Microsoft is teaming up with European publishers to push for a system to make big tech platforms pay for news, raising the stakes in the brewing battle led by Australia to get Google and Facebook to pay for journalism. The Seattle-based company along with four big European Union news industry groups unveiled their plan on Monday to work together on a solution to “mandate payments” for use of news content from online “gatekeepers with dominant market power.”
Facebook Inc. said it reached an agreement with the Australian government to restore news pages to the social-media company’s platform, following a five-day hiatus locally due to a disagreement over payment for content. Facebook removed news from its platform in Australia last week, as legislation that would effectively require Facebook and Alphabet Inc.’s Google to pay traditional media companies for content worked its way through the country’s Parliament.
Google is set to resume accepting political ads on all its platforms after temporarily blocking them following the US Capitol riot in January. Advertisers will be allowed to run political ads on Google starting Wednesday. Resuming political ads on the search giant means the sensitive events policy put in place last month has been lifted.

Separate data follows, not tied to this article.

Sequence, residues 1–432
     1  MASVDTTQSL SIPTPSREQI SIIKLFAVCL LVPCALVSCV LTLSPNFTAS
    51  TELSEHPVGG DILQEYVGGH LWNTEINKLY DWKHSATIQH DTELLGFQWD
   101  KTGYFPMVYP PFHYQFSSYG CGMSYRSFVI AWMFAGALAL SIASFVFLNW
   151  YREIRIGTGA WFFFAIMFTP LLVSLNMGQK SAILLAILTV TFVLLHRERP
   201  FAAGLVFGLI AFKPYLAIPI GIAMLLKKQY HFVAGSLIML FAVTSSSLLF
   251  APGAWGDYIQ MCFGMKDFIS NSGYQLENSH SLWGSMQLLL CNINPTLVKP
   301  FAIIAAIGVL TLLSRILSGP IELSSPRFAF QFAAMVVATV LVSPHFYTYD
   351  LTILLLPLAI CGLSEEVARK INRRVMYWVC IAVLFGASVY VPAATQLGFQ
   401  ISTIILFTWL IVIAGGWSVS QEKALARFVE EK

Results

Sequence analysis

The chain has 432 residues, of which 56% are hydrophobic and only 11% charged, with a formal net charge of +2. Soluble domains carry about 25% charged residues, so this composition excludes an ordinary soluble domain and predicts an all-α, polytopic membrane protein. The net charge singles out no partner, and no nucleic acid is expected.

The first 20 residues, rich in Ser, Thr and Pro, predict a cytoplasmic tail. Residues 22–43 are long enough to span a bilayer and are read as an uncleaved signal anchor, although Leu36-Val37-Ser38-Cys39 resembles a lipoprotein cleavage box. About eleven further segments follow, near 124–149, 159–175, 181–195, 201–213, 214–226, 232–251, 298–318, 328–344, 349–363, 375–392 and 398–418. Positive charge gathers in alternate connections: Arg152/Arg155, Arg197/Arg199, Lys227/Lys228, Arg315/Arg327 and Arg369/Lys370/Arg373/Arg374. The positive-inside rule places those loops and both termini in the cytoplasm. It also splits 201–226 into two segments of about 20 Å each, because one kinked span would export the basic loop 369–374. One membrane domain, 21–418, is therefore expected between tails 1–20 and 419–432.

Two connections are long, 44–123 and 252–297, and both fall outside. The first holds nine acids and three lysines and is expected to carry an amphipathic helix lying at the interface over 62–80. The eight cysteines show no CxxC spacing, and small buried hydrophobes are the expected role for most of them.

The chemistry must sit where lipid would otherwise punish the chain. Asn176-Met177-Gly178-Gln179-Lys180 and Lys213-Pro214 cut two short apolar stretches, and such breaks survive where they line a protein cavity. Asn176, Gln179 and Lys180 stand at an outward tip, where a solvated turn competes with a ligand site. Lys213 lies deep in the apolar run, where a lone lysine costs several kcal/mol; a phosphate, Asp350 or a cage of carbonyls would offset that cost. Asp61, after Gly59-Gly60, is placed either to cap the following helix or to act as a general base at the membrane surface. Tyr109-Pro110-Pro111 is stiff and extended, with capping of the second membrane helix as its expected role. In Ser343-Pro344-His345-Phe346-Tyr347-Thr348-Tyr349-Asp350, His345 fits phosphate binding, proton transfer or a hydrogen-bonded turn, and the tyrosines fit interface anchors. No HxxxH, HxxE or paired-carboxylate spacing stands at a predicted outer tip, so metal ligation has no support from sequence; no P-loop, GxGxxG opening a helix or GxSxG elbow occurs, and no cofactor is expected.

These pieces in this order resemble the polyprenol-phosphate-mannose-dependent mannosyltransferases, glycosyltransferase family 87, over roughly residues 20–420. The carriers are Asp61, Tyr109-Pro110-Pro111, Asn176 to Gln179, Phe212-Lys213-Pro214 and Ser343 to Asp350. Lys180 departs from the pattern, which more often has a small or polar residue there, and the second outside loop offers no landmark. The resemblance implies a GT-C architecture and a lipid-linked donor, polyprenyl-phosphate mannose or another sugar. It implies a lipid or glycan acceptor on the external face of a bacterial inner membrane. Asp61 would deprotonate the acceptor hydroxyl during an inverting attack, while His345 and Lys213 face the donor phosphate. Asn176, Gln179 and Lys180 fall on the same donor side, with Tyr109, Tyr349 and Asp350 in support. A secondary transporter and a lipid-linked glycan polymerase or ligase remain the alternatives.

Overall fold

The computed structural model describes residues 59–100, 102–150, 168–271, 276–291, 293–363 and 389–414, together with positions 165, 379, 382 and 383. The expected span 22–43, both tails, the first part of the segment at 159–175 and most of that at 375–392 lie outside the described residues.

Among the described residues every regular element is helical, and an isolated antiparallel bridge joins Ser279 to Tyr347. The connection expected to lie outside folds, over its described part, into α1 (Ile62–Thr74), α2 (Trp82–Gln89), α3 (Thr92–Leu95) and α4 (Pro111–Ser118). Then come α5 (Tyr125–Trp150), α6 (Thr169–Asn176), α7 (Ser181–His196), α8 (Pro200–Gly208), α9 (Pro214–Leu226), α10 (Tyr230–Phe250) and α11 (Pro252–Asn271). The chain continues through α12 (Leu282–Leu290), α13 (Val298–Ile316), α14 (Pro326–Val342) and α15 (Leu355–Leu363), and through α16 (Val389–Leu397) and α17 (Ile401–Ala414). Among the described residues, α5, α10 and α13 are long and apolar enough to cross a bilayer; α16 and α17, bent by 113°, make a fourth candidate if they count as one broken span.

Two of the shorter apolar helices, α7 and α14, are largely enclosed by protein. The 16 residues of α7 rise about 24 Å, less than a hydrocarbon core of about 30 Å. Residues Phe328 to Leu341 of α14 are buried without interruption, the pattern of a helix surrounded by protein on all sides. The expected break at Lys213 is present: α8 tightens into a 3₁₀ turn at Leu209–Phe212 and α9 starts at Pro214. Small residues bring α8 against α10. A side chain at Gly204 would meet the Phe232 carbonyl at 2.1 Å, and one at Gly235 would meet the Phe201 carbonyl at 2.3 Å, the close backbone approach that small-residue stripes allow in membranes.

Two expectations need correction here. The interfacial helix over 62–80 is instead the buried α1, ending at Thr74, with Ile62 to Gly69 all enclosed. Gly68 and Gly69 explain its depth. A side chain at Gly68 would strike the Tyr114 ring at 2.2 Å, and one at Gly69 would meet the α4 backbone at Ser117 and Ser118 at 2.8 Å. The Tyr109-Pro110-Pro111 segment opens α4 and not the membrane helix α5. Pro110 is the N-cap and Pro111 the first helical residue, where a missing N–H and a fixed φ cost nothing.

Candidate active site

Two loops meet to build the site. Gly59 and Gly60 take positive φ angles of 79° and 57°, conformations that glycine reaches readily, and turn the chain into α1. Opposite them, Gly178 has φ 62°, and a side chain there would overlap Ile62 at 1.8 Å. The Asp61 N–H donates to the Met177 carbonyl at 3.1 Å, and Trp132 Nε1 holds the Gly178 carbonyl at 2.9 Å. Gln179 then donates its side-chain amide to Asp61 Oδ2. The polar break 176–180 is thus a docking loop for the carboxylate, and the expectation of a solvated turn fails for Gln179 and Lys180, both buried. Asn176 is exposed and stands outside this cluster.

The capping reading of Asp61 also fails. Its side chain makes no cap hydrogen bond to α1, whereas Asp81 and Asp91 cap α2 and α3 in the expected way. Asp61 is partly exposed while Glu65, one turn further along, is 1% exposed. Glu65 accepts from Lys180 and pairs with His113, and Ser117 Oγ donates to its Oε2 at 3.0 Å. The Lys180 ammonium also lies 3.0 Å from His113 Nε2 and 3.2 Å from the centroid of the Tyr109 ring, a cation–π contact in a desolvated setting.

Tech companies, including Amazon, Apple, Facebook, and Google have to face intensified grilling of the House judiciary’s antitrust subcommittee in March for wielding excessive powers including, curbing competition, the engine of the American economy, spreading fake news, and censoring political speech.
The Virginia Consumer Data Protection Act (SB 1392), much like California’s Consumer Privacy Act, requires companies to allow consumers to access, correct, and delete personal data. The bill gives consumers the right to opt-out of the use of non-sensitive data for targeted advertising and requires companies to obtain consumers’ affirmative consent before processing “sensitive” data – including information about the race, religious beliefs, health, sexual orientation, or immigration status, as well as precise geolocation information and some biometric data.
Even after a year since the enactment of the California Consumer Privacy Act, publishers, and programmatic ad sellers have no consensus in interpreting it. While the New York Times took a conservative approach in adhering to it, Ad management firms like CafeMedia are considering it too ambiguous and taking it in a lighter vein. While the state privacy law insists publishers not to sell personal information, publishers are using the IAB’s CCPA compliance framework, considering that may not put them at risk of non-compliance.
NBCUniversal, WarnerMedia, Disney, Discovery, ViacomCBS, and A+E Networks have to continue their respective cable portfolios in the near future as they are enjoying a steady stream of ad revenue and cable user charges despite the growing popularity for streaming services. In addition to consistent revenue, cable networks also give their respective parent companies a big marketing advantage and access to their distinct audiences.